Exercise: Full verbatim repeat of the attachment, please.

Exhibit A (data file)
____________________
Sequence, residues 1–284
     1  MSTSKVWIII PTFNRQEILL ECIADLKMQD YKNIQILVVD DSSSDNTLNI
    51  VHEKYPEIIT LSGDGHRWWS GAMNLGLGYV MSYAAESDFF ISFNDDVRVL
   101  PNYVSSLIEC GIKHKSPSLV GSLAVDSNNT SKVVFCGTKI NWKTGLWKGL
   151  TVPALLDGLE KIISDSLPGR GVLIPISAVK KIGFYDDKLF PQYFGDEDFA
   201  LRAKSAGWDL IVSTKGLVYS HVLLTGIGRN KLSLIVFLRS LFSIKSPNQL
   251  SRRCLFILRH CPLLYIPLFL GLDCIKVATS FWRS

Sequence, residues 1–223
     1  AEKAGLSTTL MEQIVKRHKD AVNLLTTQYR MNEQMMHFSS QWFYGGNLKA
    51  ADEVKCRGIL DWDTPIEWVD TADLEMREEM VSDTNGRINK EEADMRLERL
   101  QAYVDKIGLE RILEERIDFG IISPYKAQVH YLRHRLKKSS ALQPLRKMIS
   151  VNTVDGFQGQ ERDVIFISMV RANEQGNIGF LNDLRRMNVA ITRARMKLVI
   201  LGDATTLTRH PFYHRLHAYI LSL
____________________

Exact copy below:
Sequence, residues 1–284
     1  MSTSKVWIII PTFNRQEILL ECIADLKMQD YKNIQILVVD DSSSDNTLNI
    51  VHEKYPEIIT LSGDGHRWWS GAMNLGLGYV MSYAAESDFF ISFNDDVRVL
   101  PNYVSSLIEC GIKHKSPSLV GSLAVDSNNT SKVVFCGTKI NWKTGLWKGL
   151  TVPALLDGLE KIISDSLPGR GVLIPISAVK KIGFYDDKLF PQYFGDEDFA
   201  LRAKSAGWDL IVSTKGLVYS HVLLTGIGRN KLSLIVFLRS LFSIKSPNQL
   251  SRRCLFILRH CPLLYIPLFL GLDCIKVATS FWRS

Sequence, residues 1–223
     1  AEKAGLSTTL MEQIVKRHKD AVNLLTTQYR MNEQMMHFSS QWFYGGNLKA
    51  ADEVKCRGIL DWDTPIEWVD TADLEMREEM VSDTNGRINK EEADMRLERL
   101  QAYVDKIGLE RILEERIDFG IISPYKAQVH YLRHRLKKSS ALQPLRKMIS
   151  VNTVDGFQGQ ERDVIFISMV RANEQGNIGF LNDLRRMNVA ITRARMKLVI
   201  LGDATTLTRH PFYHRLHAYI LSL